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Tue, 30 Aug 2022

Study to tackle concussion head on

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Understanding the impact of concussion in women's contact sports will take a step forward thanks to JCU.

Understanding more about the effects of concussion in women’s contact sports is set to be the focus of a new study by James Cook University.

JCU PhD candidate Catherine de Hollander has put the call out for female athletes who compete in rugby league, rugby union or Australian rules football in Townsville, ahead of the 2023 season.

The study will measure the of impact of collisions on short-term and long-term health.

“We know female athletes are more likely to get concussions and they’re typically more severe than those experienced by males,” she said.

“So, we’re trying to understand if that’s because women endure more head injuries on the field over the course of a season, or if women are actually more susceptible to such an injury.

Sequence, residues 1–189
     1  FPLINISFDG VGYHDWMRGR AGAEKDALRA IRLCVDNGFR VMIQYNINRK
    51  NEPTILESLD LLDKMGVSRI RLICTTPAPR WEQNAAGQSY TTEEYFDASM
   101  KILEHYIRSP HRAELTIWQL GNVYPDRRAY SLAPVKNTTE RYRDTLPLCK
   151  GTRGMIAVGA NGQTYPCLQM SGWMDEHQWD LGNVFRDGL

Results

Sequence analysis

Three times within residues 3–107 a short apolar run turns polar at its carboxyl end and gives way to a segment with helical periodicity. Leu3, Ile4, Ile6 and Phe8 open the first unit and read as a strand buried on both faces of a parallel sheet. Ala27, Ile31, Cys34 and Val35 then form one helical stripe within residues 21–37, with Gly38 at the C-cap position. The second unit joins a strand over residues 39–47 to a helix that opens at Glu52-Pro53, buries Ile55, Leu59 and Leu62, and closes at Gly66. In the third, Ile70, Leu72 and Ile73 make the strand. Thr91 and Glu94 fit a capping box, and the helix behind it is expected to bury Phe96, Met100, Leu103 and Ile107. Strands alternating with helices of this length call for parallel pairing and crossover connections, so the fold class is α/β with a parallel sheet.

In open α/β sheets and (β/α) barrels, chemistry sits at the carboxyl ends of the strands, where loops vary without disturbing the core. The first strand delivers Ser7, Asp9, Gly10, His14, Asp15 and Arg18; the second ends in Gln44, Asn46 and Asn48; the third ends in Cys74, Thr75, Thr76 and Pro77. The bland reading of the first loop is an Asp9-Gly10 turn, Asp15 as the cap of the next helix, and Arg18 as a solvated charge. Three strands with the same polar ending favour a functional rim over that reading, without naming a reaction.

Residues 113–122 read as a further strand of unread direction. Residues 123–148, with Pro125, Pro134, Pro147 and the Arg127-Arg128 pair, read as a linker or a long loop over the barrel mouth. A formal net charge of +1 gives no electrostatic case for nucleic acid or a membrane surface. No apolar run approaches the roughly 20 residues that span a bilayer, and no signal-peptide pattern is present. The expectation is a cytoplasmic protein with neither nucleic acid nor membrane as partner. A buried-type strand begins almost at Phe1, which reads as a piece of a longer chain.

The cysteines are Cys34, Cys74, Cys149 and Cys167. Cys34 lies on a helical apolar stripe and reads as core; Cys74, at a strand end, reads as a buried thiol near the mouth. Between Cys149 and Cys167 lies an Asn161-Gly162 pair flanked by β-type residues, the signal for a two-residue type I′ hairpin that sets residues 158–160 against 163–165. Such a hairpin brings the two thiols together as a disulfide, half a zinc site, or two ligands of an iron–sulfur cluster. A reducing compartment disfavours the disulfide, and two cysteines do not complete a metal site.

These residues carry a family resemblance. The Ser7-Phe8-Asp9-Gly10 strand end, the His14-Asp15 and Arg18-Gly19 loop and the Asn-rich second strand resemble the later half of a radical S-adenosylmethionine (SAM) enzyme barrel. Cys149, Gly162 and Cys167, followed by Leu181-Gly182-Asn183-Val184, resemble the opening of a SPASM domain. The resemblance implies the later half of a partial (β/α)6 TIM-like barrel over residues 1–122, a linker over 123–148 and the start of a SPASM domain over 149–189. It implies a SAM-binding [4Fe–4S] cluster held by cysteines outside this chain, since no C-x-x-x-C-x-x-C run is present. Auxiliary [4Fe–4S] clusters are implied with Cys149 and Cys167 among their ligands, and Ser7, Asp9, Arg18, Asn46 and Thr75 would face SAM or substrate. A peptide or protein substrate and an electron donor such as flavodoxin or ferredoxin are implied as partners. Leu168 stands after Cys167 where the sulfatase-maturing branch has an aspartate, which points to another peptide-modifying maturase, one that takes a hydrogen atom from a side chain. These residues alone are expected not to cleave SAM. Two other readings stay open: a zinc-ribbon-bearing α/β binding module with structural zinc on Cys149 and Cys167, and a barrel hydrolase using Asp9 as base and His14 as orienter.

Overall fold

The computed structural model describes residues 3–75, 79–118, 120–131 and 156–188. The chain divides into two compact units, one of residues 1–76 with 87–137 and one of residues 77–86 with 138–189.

“Women’s participation in contact sports is increasing but the research hasn’t.”

Ms de Hollander will use 20 specially designed mouthguards which will record data of player movements in real-time, including acceleration, velocity and direction of impact.

The study will run between three and four years.

“We want to be able to get a long-term picture of the effects of concussion, which would contribute to research on chronic traumatic encephalopathy,” Ms de Hollander said.

“If players do leave their teams, the mouthguards can be remoulded only once more for a new player, so theoretically, we have the ability to monitor up to 40 players over the course of the study.”

The research will also extend to sub-concussive impacts - hits classed as below the threshold for concussion where the brain is shaken but not to the point where there is severe damage to brain cells.

Ms de Hollander said she experienced a bad concussion herself as a player, which sparked her interest in the topic.

“Studies have shown that the long-term impact of concussion can result in poor mental health, concentration issues, memory loss, migraines or mood disorders,” she said.

“My own recovery from concussion took six months which was very frustrating because all the doctors could do were send me for brain scans.

“The scans came back normal but I was housebound for four months and then returned to work but I would slur my words, I would forget them and I would get headaches and dizziness.”

Ms de Hollander is ideally looking for volunteers from one contact sports team for the study, but is open to monitoring a second team as well.

Female athletes wishing to participate are urged to contact Catherine de Hollander via email on catherine.dehollander@my.jcu.edu.au


Media enquiries: michael.serenc@jcu.edu.au